Five Leadership Principles to Make Business the New Activist for Systemic Change

Marianne Haahr, Project Director, Sustainia We live in a leadership-constrained world; it is one of the scarcest resources of our times. Today, leaders need to create systemic change if we are to deliver on the Sustainable Development Goals (SDG) by 2030, but few are doing so. A leader’s ability to create the needed action begins with a radical shift in mindset, and Sustainia’s annual survey of 5,500 global leaders confirms that the time is now.

For three consecutive years, Sustainia has released the Global Opportunity Report in collaboration with the UN Global Compact and DNV GL.In total, 17,500 business leaders have been consulted and it has become clear that these leaders see themselves as the new activist alongside civil society.

However, the question now is how do we translate their perceptions into actions? Adopting five new principles of leadership could be the first step in the right direction:

1.Imagination over Management

The top opportunity across the past three years makes it clear that leaders are the greatest believers in mature market opportunities.
In 2015, water-efficient agriculture topped the list; in 2016, it was smart farming and now in 2017, it is smart water tech - three market opportunities with proven technologies where regulation is already shaping the opportunity space and with a generalized consumer demand. These are not early adopter markets. All three are safe bets no-brainer markets, perhaps – and further down the opportunity list are markets that demand a greater capacity for imagination from leaders.

One example is the market for housing in slums. Leaders rate it low, despite the fact that informal settlements are home to 12 percent of the global population. Living in slums is the fastest-growing form of lifestyle, but most managers are unable to imagine a lucrative market here.

Rather than observing consumers from the outside, try to be them for a moment to experience their challenges up-close. Management has become an exercise in quantification, but it needs new skills, and one of these is imagination – it is the key to staying ahead by innovating your market.

2. Cut Career, in with Impact Paths

It is clear from the past three Global Opportunity Reports that new markets
emerge at the edges of existing sectors and established markets, for instance, the new markets between food and pharma or between design and ocean resources, as revealed in the report. However, to see this you need to be capable of changing perspective in order to innovate your market.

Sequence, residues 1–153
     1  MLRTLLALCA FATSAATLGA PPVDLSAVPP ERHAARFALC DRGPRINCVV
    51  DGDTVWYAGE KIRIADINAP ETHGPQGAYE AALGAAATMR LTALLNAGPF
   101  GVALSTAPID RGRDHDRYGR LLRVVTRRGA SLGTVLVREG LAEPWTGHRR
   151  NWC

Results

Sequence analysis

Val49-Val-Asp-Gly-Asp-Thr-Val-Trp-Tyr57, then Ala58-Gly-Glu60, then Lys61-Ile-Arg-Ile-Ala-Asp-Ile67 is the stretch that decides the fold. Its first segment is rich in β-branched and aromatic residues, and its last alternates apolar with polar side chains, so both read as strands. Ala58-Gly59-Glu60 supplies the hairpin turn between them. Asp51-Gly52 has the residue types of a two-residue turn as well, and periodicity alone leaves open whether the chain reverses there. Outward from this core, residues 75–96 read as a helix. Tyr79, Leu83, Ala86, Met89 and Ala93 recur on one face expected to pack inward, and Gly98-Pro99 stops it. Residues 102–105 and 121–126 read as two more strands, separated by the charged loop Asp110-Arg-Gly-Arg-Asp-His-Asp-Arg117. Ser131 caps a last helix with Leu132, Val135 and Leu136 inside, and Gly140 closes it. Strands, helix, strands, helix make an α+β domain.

A pre determined linear career path does not incentivize thinking from multiple perspectives, but rather it rewards keeping eyes on the prize. Leaders will need people capable of looking to the edges of existing markets, but this requires cutting career paths as the only talent development tool. Moving away from talent development based solely on linear career paths is a way to enable change in mindset.

A pre-determined linear career path does not incentivize thinking from multiple perspectives, but rather rewards keeping eyes on the prize

3. Trust in Tech

The Global Opportunity Report found that new markets also emerge where a sustainability risk meets technology. This ranges from markets for mobile health products that enable people at the base of the pyramid to access health care,to developing financial products based on blockchain technology for banking the unbanked.

We asked leaders for their insight of where we currently have the capacity (political, technological and economic) to pursue the 15 new markets identified in the Report.The message is clear: leaders put a greater trust in technology than in both the economy and politics when it comes to developing markets that address global risks.

Leaders need to re-think who to put on the payroll. Is it a public affairs manager or a tech affairs manager that will help shape new market opportunities?

4. Make Youth Your Mentor

Younger leaders see a greater business case in markets which create systemic change. Across all three years, managers below the age of 30 rate all the market opportunities for systemic change higher than those aged 30 or over. To put it simply, young managers see a greater business case for saving the planet and people, and senior managers tend to have a harder time seeing the business case, pointing to it being a generational issue.

Hence, there is a marked difference in how young and senior managers perceive the market. As a leader, make the most of this difference by making youth your mentor as a senior manager. Provide the structures for millennial junior staff to mentor senior managers. This offers a different perspective to understanding the market as well, as it provides a proxy for millennial consumers in terms of what they value.

5. Amplify with Activism

One of the questions we have asked across the three years is who managers perceive to be active advocates for each market opportunity for systemic change. Civil society is regarded by the majority of respondents to be the most active advocate for change, but what is also clear is that civil society is not alone. Business is seen as next in line when it comes to actively advocating for systemic change.

To unlock this potential, leaders should use an activist’s toolbox to amplify efforts. Utilizing tools of activism is about mobilizing support to bring about that change – make it a practice as well as a principle in your business to treat customers as if you were building a movement. It means treating them as organizations treat their members — involving them as part of a collective, constantly creating value for all.